Tulsa’s Journal Record – a business publication we on the “fringe” have accused of being little more than a bulletin board for Beautiful Brands press releases – has posted its first-ever negative story about the company and the CEO it usually treats with awe and reverence.
Journal Record writer D. Ray Tuttle had previously written about Beautiful Brands International as if it were Tulsa’s entrepreneurial Camelot, elevating BBI founder David Rutkauskas to iconic status (“From Sports Star to Businessman…” wrote Tuttle).
Now even Mr. Tuttle is having to come to grips with the fact that behind the glittering BBI façade he, the Journal Record, Tulsa World, and Fast Casual (among others) helped to erect lies a wasteland of broken dreams, lost investments, soured partnerships, abandoned concepts and failed franchises.
As recently as January, 2013, the Journal Record was promoting the mythical success story of BBI’s continuous record-breaking growth and franchise success, stating “In 2012 alone, BBI opened 114 stores and has 79 new stores under construction. It has a total of 297 locations around the world, including franchised units for CherryBerry Self-Serve Yogurt Bar, Camille’s Sidewalk Café, Rex’s Chicken, and FreshBerry Frozen Yogurt Cafe.”
BBI websites, in fact, indicate the chain has fewer than 100 remaining locations. More than 2/3 of its Camille’s Sidewalk Café franchises have failed. The Journal Record has ignored repeated requests to correct the many factual errors about the success of BBI still viewable on its website.
Perhaps after this article, Mr. Tuttle will begin to dismantle the BBI myth his publication helped to create.
Here are some excerpts from today’s Journal Record story Beautiful Brands drops blogger lawsuit:
Beautiful Brands drops blogger lawsuit
By D. Ray Tuttle, The Journal Record
Posted: 08:31 PM Thursday, June 20, 2013
TULSA – David Rutkauskas, owner of Beautiful Brands International, did an about-face this month.
Beautiful Brands dropped a lawsuit against a blogger who for months has blasted the franchising company on the Internet.
At the same time, Rutkauskas published an apology to Sean Kelly, the blogger and creator of UnhappyFranchisee.com. Rutkauskas wrote the apology on his personal blog.
“Well, I just want to move on,” Rutkauskas told The Journal Record on Thursday. “I have put it past me. I’m off doing other things. Investing. I’ve started a couple of new companies.”
Kelly, using his blog, had been critical of Rutkauskas, a Tulsa-based restaurant franchiser and consultant. Kelly also contacted officials at the Tulsa World and The Journal Record, asking why the media outlets were publishing only glowing articles about Rutkauskas.
Rutkauskas dropped the lawsuit because, as he told The Journal Record, over the last several weeks he’d talked to people who know him well.
“They convinced me this was guy (Kelly) was fringe,” Rutkauskas said. “The mainstream is not interested in what he’s doing.”
Rutkauskas said there was nothing to gain in a lawsuit against Kelly.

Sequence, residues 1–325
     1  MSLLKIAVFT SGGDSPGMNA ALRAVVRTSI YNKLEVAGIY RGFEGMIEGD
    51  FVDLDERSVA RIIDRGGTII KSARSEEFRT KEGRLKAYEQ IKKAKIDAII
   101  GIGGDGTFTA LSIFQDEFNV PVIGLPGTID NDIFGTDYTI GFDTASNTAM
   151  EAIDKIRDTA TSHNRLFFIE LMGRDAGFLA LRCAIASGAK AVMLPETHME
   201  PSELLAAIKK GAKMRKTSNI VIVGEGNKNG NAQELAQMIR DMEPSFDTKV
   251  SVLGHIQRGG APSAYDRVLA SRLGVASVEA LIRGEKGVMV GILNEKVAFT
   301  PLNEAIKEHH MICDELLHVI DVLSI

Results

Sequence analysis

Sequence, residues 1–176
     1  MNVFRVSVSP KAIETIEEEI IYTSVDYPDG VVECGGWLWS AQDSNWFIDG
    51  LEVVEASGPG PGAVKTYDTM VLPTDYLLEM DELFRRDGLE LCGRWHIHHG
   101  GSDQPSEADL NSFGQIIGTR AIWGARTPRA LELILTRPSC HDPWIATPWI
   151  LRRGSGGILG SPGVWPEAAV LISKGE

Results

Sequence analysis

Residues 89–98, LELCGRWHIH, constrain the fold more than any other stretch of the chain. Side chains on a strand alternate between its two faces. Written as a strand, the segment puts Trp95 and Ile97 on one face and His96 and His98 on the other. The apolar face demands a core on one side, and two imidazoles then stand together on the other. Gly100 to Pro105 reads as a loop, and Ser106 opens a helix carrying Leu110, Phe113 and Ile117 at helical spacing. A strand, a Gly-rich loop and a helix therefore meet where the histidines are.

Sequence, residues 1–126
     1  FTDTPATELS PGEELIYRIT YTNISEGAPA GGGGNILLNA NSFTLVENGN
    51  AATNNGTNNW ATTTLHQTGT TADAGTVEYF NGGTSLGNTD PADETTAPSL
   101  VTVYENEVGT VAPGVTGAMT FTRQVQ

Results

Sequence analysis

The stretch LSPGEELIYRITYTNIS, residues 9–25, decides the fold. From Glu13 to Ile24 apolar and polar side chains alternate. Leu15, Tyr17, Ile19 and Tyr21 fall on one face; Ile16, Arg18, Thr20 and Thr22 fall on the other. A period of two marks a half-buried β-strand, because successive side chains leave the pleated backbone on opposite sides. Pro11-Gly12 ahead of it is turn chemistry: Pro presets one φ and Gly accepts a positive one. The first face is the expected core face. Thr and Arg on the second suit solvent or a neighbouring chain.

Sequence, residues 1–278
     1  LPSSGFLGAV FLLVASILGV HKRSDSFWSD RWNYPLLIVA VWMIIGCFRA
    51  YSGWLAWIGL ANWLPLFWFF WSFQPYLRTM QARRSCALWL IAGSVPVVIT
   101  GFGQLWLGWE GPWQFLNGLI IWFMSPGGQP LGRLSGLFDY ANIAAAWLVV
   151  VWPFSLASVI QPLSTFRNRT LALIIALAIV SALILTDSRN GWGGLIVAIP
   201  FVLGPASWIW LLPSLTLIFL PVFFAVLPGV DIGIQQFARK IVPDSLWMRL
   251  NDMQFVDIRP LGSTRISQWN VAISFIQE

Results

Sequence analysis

“He will continue to mock me for whatever I do,” Rutkauskas said. “He will put it out there. The lawsuit seemed pointless.”
Tuttle then quoted Jonathan Fortman, the defense attorney in the lawsuit, who said someone must have talked some sense into Rutkauskas.
It was clear that Rutkauskas was shredding what reputation he had left and running his company into the ground with his vindictive, baseless lawsuit and self-destructive Twitter rants.
The feud gained local notoriety after Urban Tulsa Weekly on June 5 published a story in which Fortman claimed a Tulsa World reporter was providing Rutkauskas with background information on Kelly. Rutkauskas made the case even more visible when he took to Twitter with harsh, vulgar criticism of Kelly. He later deleted the tweets.
In his apology, Rutkauskas said that over the last few months he’s not been himself.
“I’ve said many horrible, vulgar and hurtful things that I’m so ashamed of,” he wrote. ”I know my apology can’t undo what I’ve said and can’t overcome the shame and embarrassment that I’ve caused, but from the bottom of my heart I want the world to know that I’m sorry!”
Kelly said his mission was to get the truth out.
“I have no financial stake in this or an agenda,” Kelly said. “Part of it is that I am sick of seeing people being taken advantage of.”
Rutkauskas said he was ready to put the issue to rest.
“I’ve apologized, I got off Twitter, it is time to move on with these others things I am excited about,” Rutkauskas said.
Writer D. Ray Tuttle noticeably avoided stating that David Rutkauskas’ apology cited heavy drinking after many years of sobriety as a main factor in his vicious Twitter attacks.
He also failed to mention that the issue that started the dispute was that Rutkauskas continues to sell franchise investments of hundreds of thousands of dollars, while threatening those who lost their investments in his deals to remain silent.
We hope that Mr. Tuttle will do future stories on these important issues – and will tell us what “new companies” David Rutkauskas has started.
Here on the “fringe,” we sincerely hope those companies don’t involve selling franchises.
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TAGS: Ray Tuttle, Journal Record, David Rutkauskas, Beautiful Brands International, BBI, David Rutkauskas Twitter, Robert Sartin, attorney Robert Sartin, Barrow & Grimm PC, Unhappy Franchisee lawsuit, Sean Kelly Lawsuit, David Rutkauskas lawsuit, BBI lawsuit, Beautiful Brands lawsuit, SLAPP lawsuit, jon Fortman, Jonathan Fortman